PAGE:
When he woke up the next morning the bed next to him was empty and she was gone. He got up, a little less shaky this morning, went into the bathroom and washed his face. Looking out the heavy wool blinds over the window revealed the Toronado was gone. He couldn't remember if she brought any bags in or not, there were none of her's there now. He put on his jeans and sat on the edge of the bed.
“Okay,” he said, “This is an interesting development.”
He thought about the money, checked his empty pockets, then the jacket. Nothing. He couldn't remember if he'd given her his roll to hang on to or not. He rummaged through his dad's army bag, diggin through it's ragged assortment of contents. His pistol was still there. He picked it up and held it. The weight of it made him feel a little more secure.
“Okay, do not freak out. She's gone and she might have robbed you on the way out the door.”
Billie Joe did not freak out. However he did stand up and pace around the room, talking to himself for the next ten minutes gesturing occasionally with his firearm. Eventually he fell into the leather chair by the desk. The minutes ticked by as he kept to keep his breathing calm. After thirty minutes his mind began to turn on him, the storm clouds in his head gathered into the black swirling vortex of fuck. He was strung out in the middle of Pennsylvania with no money, a pistol and a half empty bottle of Early Times. It was not a good look.
Something had to be done, he decided. Before long the panic would win and this quaint little room would be four hellish cinderblock walls that was only slightly better than whatever fresh hell would be waiting outside. He'd been in this room before, but with a little money, drugs and no gun. No, he hadn't been this far out, this alone. Before long the barrel end of the gun would find itself to his temple and make a small “o” shaped dent there like it had before. Something had to be done, he decided, before things got to that point. He stood up again and walked to the mirror, simply because it was one of the few places in the room he hadn't walked to yet. The emaciated frame in the mirror didn't seem like it belonged to him. It was frighteningly gaunt. He couldn't bring himself to look that mirror-person in the eye. All he could see was the gun in his hand. Why even was he still carrying it?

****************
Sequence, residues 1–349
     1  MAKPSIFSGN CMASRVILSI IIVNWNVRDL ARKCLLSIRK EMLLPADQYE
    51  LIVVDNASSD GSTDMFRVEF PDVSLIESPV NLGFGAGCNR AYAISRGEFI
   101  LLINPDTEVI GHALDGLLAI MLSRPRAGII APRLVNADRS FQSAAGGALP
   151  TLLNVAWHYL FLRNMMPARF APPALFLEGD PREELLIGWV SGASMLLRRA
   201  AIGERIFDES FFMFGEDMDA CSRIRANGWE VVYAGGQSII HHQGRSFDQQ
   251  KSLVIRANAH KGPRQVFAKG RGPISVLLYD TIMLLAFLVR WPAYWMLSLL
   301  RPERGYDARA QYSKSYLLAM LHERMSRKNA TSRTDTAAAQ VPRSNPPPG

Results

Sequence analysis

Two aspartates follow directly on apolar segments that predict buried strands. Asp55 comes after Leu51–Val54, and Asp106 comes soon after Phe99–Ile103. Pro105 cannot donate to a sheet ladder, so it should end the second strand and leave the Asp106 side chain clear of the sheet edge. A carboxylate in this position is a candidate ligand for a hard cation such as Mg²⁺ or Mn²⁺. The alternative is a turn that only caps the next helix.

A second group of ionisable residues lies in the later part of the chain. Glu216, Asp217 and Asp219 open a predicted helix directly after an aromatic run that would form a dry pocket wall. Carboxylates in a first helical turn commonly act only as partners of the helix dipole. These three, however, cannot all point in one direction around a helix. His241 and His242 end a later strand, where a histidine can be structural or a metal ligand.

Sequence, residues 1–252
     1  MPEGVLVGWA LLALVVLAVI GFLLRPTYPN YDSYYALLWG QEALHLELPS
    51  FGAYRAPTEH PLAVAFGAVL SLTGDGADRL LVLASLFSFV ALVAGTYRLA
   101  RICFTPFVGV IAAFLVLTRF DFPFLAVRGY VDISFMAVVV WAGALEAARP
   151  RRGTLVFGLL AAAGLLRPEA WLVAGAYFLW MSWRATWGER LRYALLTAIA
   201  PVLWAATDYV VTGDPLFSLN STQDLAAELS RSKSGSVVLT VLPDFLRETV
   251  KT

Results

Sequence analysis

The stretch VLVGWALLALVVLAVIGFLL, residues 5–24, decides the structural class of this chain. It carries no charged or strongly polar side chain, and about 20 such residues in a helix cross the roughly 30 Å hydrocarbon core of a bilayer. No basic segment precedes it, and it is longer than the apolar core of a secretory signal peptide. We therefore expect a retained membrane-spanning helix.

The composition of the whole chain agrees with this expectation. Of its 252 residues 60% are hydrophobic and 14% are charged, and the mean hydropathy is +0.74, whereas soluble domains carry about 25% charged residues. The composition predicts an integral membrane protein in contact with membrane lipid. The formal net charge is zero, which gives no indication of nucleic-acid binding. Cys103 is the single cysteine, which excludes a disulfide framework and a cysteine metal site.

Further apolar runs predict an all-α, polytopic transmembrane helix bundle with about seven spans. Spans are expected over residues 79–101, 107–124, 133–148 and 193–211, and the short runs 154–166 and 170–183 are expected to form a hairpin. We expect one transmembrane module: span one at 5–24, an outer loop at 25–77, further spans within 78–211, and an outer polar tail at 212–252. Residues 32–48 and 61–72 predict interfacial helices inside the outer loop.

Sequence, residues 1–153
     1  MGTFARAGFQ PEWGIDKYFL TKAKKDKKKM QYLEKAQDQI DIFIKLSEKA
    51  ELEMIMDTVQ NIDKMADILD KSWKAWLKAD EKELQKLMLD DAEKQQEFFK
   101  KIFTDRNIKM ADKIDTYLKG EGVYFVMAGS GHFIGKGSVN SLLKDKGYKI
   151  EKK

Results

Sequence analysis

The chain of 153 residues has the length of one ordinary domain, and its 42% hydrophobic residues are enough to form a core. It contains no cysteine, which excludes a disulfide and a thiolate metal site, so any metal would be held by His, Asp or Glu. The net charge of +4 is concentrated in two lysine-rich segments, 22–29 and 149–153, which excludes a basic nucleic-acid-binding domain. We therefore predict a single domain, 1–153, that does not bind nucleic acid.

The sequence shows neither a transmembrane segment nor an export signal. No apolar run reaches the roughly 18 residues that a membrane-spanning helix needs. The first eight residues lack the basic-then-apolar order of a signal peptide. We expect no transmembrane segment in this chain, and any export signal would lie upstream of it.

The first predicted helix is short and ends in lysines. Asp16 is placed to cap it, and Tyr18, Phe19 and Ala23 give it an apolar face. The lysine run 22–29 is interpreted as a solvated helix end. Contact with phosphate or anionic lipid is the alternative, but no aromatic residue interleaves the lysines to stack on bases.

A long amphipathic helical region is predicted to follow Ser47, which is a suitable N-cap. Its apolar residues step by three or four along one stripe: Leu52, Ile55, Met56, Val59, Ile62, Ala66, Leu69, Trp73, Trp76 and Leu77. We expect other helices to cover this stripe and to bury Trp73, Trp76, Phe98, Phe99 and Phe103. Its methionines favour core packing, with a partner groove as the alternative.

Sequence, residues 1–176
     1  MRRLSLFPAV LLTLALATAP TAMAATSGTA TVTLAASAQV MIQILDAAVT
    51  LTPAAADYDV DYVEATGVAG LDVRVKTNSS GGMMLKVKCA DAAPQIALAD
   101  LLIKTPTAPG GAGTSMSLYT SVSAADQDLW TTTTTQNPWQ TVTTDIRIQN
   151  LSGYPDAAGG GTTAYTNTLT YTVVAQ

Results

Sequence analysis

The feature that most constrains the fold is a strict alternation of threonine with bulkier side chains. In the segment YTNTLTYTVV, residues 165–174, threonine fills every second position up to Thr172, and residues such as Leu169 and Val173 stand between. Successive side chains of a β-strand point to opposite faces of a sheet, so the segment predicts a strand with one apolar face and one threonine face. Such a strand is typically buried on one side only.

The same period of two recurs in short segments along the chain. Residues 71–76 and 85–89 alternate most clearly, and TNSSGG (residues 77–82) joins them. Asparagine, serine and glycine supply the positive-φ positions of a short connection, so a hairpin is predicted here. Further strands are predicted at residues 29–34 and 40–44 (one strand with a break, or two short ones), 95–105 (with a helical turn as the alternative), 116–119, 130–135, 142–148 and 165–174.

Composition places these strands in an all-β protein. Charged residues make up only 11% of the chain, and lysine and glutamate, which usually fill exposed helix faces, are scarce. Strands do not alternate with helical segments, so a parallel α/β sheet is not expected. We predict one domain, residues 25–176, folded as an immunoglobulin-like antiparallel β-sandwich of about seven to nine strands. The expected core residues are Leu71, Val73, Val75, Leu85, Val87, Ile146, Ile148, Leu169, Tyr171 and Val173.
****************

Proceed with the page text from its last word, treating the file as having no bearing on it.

Deciding the mirror was fraught with treacherous possibility, he walked back to the door. He would have to start moving soon. Why the fuck had he let that girl know about his money? All his panic converted easily into a murderous rage framing the image in his mind of Sadie Chantelle Johnson, even though he was unable to recall exactly what her name was. There was the noise of a key inserted in the door and as if he'd summoned her, she turned the handle and came in the room.
She stopped short when she saw him. Half naked, wild eyed and armed, he was breathing heavily, muscles taught to the point you could make out all the veins in his arms and neck. He looked as if he meant to kill her.
“Okay, easy there, cowboy.” she said, holding her hands up. In her left there was a large bag that said “Valley Dairy Restaurant;” it had a grinning cow on it that winked at him. “You don't want any eggs, that's fine, I'll eat em.”
It took him a second to put it all together. Nothing fit the scenario he'd painted in his head. He felt so confused, and tired. When he got something that made sense figured out, he threw the pistol back into his bag and slumped down onto the carpeted floor.
“Ah, Christ. I'm sorry.” he said. “I was convinced you'd robbed me.”
“Nope.” she said, “Still here for some reason.”
She went over to the desk and began unloading covered aluminum to-go plates from the paper bag. A heady breakfast smell filled the room, and that made them both feel a little better. The smell was the embodiment of wholesome.